In an historic move, Saudi Arabia will let women participate in the upcoming municipal elections after decades of denying them the right to vote or run as candidates.
When the news first broke in August, it was seen as one step forward for women's rights and freedoms in the ultra-conservative monarchy.
And maybe it is.
However, female candidates are still subject to several absurd restrictions that make one wonder if it’s all for show.
For instance, all 366 female contenders have reportedly been “warned” against addressing voters directly due to strict gender segregation laws of the conservative Gulf kingdom.
Now, how do Saudi authorities expect candidates to run a successful election campaign without even meeting the very people they want to serve?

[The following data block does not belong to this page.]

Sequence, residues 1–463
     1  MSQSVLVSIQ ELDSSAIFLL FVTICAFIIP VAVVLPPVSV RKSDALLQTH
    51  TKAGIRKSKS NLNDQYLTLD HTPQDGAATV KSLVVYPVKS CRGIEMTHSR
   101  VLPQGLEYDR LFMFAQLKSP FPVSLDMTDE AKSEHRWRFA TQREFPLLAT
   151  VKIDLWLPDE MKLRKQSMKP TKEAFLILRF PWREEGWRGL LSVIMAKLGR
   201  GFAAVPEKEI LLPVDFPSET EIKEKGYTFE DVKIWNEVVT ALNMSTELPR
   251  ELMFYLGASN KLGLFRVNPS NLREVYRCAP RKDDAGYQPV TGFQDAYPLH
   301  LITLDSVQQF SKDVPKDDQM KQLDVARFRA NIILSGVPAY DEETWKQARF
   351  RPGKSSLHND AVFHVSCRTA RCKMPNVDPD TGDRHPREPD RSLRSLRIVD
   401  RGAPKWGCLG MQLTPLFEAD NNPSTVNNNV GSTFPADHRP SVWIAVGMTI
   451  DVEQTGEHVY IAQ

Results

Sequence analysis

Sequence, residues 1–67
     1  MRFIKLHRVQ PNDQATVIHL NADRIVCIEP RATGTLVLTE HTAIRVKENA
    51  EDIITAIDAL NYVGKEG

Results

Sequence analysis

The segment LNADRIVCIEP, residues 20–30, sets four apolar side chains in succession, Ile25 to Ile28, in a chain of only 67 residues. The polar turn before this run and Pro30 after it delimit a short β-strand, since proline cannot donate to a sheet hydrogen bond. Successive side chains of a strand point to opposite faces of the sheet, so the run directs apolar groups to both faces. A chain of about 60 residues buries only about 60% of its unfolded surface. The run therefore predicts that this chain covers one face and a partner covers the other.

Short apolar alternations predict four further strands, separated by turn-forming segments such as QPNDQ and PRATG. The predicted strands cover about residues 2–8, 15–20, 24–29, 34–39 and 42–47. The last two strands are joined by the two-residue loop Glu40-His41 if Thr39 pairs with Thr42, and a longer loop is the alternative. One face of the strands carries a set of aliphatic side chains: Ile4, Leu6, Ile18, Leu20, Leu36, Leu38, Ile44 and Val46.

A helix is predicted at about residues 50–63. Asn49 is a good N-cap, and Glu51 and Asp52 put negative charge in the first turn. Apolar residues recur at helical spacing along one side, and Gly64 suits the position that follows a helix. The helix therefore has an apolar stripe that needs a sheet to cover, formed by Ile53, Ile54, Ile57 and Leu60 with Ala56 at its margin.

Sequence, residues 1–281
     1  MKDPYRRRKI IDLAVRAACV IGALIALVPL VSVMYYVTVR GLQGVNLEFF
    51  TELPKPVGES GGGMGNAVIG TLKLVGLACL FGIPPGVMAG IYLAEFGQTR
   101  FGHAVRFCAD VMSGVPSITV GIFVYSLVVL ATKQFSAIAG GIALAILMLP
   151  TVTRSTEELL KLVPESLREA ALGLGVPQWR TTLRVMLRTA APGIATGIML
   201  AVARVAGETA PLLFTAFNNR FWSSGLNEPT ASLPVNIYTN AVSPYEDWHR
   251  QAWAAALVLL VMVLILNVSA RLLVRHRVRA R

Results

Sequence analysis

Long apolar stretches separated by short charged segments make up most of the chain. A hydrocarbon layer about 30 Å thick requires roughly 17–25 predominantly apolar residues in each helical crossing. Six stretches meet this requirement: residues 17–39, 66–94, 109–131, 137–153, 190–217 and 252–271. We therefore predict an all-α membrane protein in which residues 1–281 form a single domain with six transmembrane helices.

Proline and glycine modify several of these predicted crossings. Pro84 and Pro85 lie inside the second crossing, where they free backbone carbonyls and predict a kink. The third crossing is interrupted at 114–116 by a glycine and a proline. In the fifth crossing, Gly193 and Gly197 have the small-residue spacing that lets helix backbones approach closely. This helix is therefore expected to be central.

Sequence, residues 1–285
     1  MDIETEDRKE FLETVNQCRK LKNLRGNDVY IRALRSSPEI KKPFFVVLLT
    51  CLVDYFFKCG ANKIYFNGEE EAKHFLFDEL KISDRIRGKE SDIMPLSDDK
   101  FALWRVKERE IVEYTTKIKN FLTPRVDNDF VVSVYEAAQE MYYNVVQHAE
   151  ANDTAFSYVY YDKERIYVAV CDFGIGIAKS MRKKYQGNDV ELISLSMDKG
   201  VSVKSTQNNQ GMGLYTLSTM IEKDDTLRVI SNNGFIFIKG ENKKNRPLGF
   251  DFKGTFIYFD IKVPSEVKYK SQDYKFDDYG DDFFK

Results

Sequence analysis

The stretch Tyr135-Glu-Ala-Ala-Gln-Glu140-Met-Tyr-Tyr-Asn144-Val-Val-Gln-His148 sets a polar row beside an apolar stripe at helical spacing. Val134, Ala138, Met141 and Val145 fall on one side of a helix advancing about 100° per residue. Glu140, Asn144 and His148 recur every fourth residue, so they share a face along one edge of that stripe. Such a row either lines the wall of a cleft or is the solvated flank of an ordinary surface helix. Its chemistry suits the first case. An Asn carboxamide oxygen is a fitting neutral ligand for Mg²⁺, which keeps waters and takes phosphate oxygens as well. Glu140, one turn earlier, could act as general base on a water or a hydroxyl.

The answer: get a representative. Authorities apparently told the women electioneers to “appoint agents” to speak on their behalf. Moreover, officials have also directed these candidates to create separate sections for men and women at their campaign headquarters. Anyone found guilty of violating this rule will be fined SR 10,000 (US$2,666).
And it doesn’t end here.
Judiea Al-Qahtani, the election commission spokesman, has also urged female hopefuls to avoid publishing their photos in any election campaign material.
With so many constraints hanging over their heads, only time will tell whether Saudi women will be able to accomplish anything – at all – from running and voting in the elections due in December – or if the heavily conservative political system render the historic reform useless.